Yet you only get this if you pay directly, eg, not via PayPal, on a credit card (not debit card). Using Supercard, even linked to a credit card, doesn't count.

- Get a top specialist credit card as backup and for big purchases abroad. These cards have the same near-perfect spending rates as Supercard, though if you withdraw cash, there can be fees or interest. Use our cheap travel credit card eligibility calculator to find which you've the best odds of getting.

Top pick's Halifax Clarity's* due to low ATM charges and the fact it's a Mastercard, followed by Post Office* (Mastercard). Saga* (Visa) & Nationwide'sSelect* (Visa - for its customers only) match Supercard on spending. Always repay IN FULL to minimise the 12.9%, 11.9%, 17.8% & 15.9% rep APRs. Full info: Cheap Travel Cards (APR examples)

4) Find the best rates for foreign cash in seconds.

If you want some foreign cash in your pocket, our TravelMoneyMax holiday money comparison tool compares over 40 online bureaux to show which gives best rates.

There are two 'sales' on this week (where rates are temporarily boosted). The TravelMoneyMax tool updates with their rates during sales so you can compare. Worth noting: often, small bureaux up their rates via the tool to match.

- Travelex online: All bar euros, Thu 11am-1pm; euros Fri 11am-1pm.
Post Office online:euros, US & Canada $ & a few more, Sat 8am-Tue 8am

Don't pay bureaux de change by credit card though, only debit, or it counts as a cash withdrawal, so there's a fee and interest even if you fully repay.

5) Never change cash at the airport, or at least pre-order.

Rates are usually dismal as they know you're a captive customer. At the very least if you're out of time, you get better rates if you order online in advance for airport pick-up (you can do this with the Travelex sale above).

6) Top prepaid cards: lock in today's rate.

These are like an electronic form of foreign cash. There's no credit check. You just load it with cash before you travel, then use it to spend. If you lose it, your cash is protected.

Unlike all the cards above, here you usually get the rate on the day you load it up rather than when you spend. So if you think the rate's strong now and are happy with it, you can bag it, but of course it can work against you (see Martin's The pound's hit €1.40. Should I buy now? analysis).

Our top pick's based on rates and fees are the FairFX euro* and FairFX dollar* cards, specifically via these links, where they're free. Go direct and you usually pay £9.95. Plus. if you're loading £500+, you get an £8 discount. More picks and info for other currencies in Cheap Prepaid Travel Cards.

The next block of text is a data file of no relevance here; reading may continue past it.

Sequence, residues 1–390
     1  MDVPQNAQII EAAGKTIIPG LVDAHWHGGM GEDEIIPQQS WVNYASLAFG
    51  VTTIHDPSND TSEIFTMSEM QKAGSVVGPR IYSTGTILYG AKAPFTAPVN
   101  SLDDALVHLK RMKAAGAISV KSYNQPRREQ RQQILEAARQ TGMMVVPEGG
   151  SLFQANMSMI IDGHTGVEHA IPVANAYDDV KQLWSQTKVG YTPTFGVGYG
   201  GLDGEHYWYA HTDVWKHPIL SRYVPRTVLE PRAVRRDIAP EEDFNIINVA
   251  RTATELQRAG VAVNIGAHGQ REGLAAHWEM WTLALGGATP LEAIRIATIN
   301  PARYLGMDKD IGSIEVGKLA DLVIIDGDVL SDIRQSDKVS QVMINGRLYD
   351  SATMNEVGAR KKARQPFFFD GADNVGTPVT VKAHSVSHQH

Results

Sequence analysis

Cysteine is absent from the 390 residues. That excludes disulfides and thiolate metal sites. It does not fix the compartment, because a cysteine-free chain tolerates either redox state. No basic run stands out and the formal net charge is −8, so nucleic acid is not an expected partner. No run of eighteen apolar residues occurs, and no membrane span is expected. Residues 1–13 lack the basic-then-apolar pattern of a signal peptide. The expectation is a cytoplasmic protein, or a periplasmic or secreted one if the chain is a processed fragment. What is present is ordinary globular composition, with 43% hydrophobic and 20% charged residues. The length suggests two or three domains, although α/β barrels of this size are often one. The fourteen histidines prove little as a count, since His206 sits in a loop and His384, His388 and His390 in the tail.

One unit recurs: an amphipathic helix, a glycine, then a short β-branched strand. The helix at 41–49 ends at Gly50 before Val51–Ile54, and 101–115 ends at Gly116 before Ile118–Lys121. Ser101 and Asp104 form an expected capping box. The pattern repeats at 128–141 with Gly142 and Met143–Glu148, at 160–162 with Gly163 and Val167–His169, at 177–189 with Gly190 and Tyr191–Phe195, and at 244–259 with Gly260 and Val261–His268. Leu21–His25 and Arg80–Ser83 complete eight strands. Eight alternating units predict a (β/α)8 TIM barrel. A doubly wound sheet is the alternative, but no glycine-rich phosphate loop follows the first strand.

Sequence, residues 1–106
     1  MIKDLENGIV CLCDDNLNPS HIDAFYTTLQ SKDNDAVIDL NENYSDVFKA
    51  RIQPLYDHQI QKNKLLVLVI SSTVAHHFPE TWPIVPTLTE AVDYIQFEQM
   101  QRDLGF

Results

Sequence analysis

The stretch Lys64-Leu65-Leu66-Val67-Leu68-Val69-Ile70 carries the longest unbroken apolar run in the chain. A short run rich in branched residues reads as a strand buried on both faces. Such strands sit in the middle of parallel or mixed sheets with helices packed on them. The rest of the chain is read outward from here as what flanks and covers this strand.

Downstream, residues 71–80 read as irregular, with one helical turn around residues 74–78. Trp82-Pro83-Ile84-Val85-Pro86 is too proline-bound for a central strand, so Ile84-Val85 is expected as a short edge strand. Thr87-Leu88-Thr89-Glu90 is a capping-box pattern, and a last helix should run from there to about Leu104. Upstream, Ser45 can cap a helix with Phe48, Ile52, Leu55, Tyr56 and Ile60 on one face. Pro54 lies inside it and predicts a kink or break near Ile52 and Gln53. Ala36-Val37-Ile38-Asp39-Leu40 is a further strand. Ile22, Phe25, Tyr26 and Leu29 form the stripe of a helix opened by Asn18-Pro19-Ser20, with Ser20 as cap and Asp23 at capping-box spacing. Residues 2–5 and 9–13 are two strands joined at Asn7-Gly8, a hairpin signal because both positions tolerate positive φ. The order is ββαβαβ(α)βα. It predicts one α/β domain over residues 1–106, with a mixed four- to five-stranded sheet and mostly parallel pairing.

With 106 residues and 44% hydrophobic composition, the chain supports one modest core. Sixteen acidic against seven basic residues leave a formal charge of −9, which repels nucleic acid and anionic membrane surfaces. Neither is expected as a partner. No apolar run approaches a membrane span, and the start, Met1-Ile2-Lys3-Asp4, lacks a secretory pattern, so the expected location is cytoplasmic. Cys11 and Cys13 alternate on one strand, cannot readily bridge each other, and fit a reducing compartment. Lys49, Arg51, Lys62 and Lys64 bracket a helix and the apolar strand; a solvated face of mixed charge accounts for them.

The worst way to spend abroad is often on your everyday bank account card (OK, well, the real worst is if you pay hideous interest on a credit card, but I'm making a point here). Not only do they add the normal 3% exchange rate fee, they also charge up to £1.50 each time you spend.

So, say you spend £5 on the card. Using one of these cards, plus load and spending, it can cost £6.65 – which soon adds up over a holiday.

Bank of Scotland | Halifax | Lloyds | Santander
TSB | NatWest/RBS (hell only for small spends)

Of course, connect these to a Supercard and it's free. If not, ANY other card, including credit cards (if repaid IN FULL) are cheaper to spend on. Check how much your debit or credit card charges.

8) Cheapest debit card abroad.

The Norwich & Peterborough Gold Classic account's debit card has the same near-perfect exchange rates as the credit cards above, and no ATM fees. To get it for free, you'll need pass a credit check and pay in £500/mth (or keep a min £5,000 in it). Alternatively, Metro Bank's gives the same top rates, but only for European spending.

Yet if you're going to switch bank there are more lucrative incentives, such as a free £150 for switching or up to 5% interest and as the Supercard or a credit card give similar cheap spending abroad, why bother? Admittedly, there are ways to jemmy the system to do it just for this, but that's a hassle.

9) If asked "Do you want to pay in pounds or euros?" – SAY EUROS.

When paying or even withdrawing cash from an ATM, these days they often ask if you want to pay in pounds or the local currency. In general, always pay in the foreign currency. If you select pounds, the overseas store/bank is doing the conversion, and rates tend to be awful. Full info in my 'pay in euros?' blog.

10) Say it once, say it loud, 'I've an overseas wallet and I'm proud.'

Ever since I first wrote my take a peek inside my travel wallet blog, an ever-growing number of people have outed themselves as travel wallet nerds.

It may be low-tech, but it works: get a 2nd (cheap) wallet for all the things you only use abroad, from specialist plastic to a free EHIC card. For what else should go in there, have a read of the blog.